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  • Writer's pictureMelissa Bradshaw

UK must invest £390m in alternative protein by 2030, GFI reports

A new report from the Good Food Institute (GFI) has called for the UK government to invest £390 million in alternative proteins by 2030.


GFI Europe said that the government needs to “take bolder action” to develop sustainable proteins that are capable of reducing climate emissions by up to 92% compared to conventional meat.


The non profit organisation’s analysis found that UK Research & Innovation (UKRI), the UK government's main research funding agency, has invested at least £43 million in sustainable protein research and development since 2012, two thirds of which has been since 2022.


UKRI's Innovate UK, alongside the Biotechnology and Biological Sciences Research Council (BBSRC), announced plans to establish a £15 million Alternative Proteins Innovation and Knowledge Centre yesterday (31 August 2023). 


However, the report states that plant-based meat has been neglected despite the UK being the second-largest market for these foods in Europe, while cultivated meat has received the most funding.


Precision fermentation, which uses organisms like yeast to produce ingredients such as real egg or dairy proteins, remains undeveloped compared to countries such as Israel and the United States, the report also found.


GFI believes that the UK could emulate the success of other green industries by creating sustainable protein industry ‘clusters’, with regional hotspots including the North East, Yorkshire and the Cambridge-Norwich corridor.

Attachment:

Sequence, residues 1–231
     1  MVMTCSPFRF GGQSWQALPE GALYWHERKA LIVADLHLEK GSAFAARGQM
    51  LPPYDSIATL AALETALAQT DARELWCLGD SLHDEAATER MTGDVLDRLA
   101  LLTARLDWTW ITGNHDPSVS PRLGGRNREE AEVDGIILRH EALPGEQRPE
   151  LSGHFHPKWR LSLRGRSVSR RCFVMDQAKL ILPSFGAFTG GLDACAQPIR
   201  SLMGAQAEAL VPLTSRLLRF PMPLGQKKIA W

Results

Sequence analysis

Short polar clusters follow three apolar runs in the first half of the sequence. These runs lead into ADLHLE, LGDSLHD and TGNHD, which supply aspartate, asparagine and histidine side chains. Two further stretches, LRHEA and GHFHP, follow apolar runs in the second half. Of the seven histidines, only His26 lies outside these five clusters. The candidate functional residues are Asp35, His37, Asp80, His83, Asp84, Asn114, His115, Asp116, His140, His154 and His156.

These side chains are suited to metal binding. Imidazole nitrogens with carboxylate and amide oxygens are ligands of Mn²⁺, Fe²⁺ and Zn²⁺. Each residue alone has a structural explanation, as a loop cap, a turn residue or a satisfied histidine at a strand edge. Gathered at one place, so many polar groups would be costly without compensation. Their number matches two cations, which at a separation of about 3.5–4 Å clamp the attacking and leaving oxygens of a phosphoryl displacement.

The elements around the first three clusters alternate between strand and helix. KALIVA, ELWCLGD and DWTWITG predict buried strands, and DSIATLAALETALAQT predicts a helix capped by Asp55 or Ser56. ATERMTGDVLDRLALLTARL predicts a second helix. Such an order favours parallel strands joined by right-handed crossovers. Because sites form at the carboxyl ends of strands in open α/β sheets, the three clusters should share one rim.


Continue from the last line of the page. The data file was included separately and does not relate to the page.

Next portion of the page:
Recent Green Alliance research found that the UK’s sustainable protein industry could be worth up to £6.8 billion annually and create 25,000 jobs by 2035.


To achieve this, the GFI report’s recommendation of £390 million investment from the government by 2030 includes funding open-access research, business grants and a new sustainable protein catapult to support small businesses in the alternative protein sector.


Additional recommendations include giving the Food Standards Agency a £30 million funding boost in the 2023 Autumn Statement and overturning retained EU laws preventing plant-based dairy companies from using everyday language like ‘milk’ and ‘cheese’ to label and market products.


Linus Pardoe, UK policy manager at GFI Europe, said: “The UK is home to dynamic food producers, world-leading scientists and a strong plant-based market – all the tools needed to build a globally competitive sustainable protein industry capable of reducing emissions, creating green jobs and making the country less reliant on imports”.


“The government promised to keep the UK at the forefront of this growing sector in last year’s food strategy, but it must act now to deliver on that ambition, including investing £390 million in research and giving the Food Standards Agency the resources it urgently needs. Failing to act risks the UK missing out on economic and environmental benefits as other countries race ahead.”

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